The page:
Them is a need for an improved arrangement for electrical connections for switches having flat stabs which are not easily accessible. There is a further need for such electrical connections which provide secure retention of a terminal nut in alignment with an aperture in the stab despite application of excess force to the screw during engagement of the nut by the screw.
There is an additional need for such a connection which is economical and is easily installed without the need for any special tools.
These needs and others are satisfied by the invention which is directed to a fastener assembly for securing an electrical conductor to a flat stab and to the combination of such a fastener assembly with an electrical switch having such a flat stab and an electrical conductor for connection to the stab. The fastener assembly includes a clip comprising a top wall having a central aperture, a pair of side edges, and first and second end edges. A pair of side walls, having slots therein, extend downward from the side edges of the top wall. An end wall extends downward from one end of the top wall and has a bottom edge from which a bottom wall is cantilevered under the top wall. The top, side, and bottom walls form a pocket. A flat nut with lateral projections is retained in the pocket, with a tapped center hole in the nut in registration with the central aperture in the top wall, by engagement of the lateral projections in the slots in the side walls. The fastener assembly clamps onto the flat stab with the stab received in the pocket between the nut and the top wall. The clip is made preferably from a single piece of electrically conductive resilient material so that the nut is clamped in position against the stab.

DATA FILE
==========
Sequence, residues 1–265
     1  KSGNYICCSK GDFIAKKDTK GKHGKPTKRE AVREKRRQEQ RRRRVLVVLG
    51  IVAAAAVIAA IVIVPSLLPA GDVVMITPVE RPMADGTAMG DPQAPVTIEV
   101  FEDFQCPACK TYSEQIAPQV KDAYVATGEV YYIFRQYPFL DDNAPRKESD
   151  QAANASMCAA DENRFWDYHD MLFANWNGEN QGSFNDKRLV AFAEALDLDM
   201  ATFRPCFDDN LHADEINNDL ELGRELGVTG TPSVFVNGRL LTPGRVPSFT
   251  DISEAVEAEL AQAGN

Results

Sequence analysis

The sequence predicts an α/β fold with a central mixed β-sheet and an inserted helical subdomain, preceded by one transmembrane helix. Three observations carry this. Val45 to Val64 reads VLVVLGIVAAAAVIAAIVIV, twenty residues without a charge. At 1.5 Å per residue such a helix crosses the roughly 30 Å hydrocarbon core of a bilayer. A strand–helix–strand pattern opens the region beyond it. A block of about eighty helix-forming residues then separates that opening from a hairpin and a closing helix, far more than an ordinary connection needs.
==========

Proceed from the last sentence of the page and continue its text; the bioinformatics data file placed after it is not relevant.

To help align the fastener assembly with the aperture in the stab, and to assure retention of the fastener in that position, an axial projection around the aperture in the top wall, preferably in the form of an annular flange, engages the aperture in the stab.
Preferably, the nut is rectangular with ears projecting laterally outward from opposite sides to engage the slots in the side walls of the clip. These slots not only prevent rotation of the nut, but also provide firm support for the nut so that it can not be displaced by excess axial force applied to the screw.
As an additional feature, the bottom wall can be provided with a depression in place of an aperture with the depression aligned with the aperture in the top wall, and therefore, the nut also. This first of all, prevents the fastener assembly from being applied to the stab upside down, but also, prevents the use of an excessively long screw which could cause a short where the switch is mounted on an electrically conductive panel.
A full understanding of the invention can be gained from the following description of the preferred embodiments when read in conjunction with the accompanying drawings in which:
FIG. 1 is an exploded isometric view of a fastener assembly in accordance with one embodiment of the invention.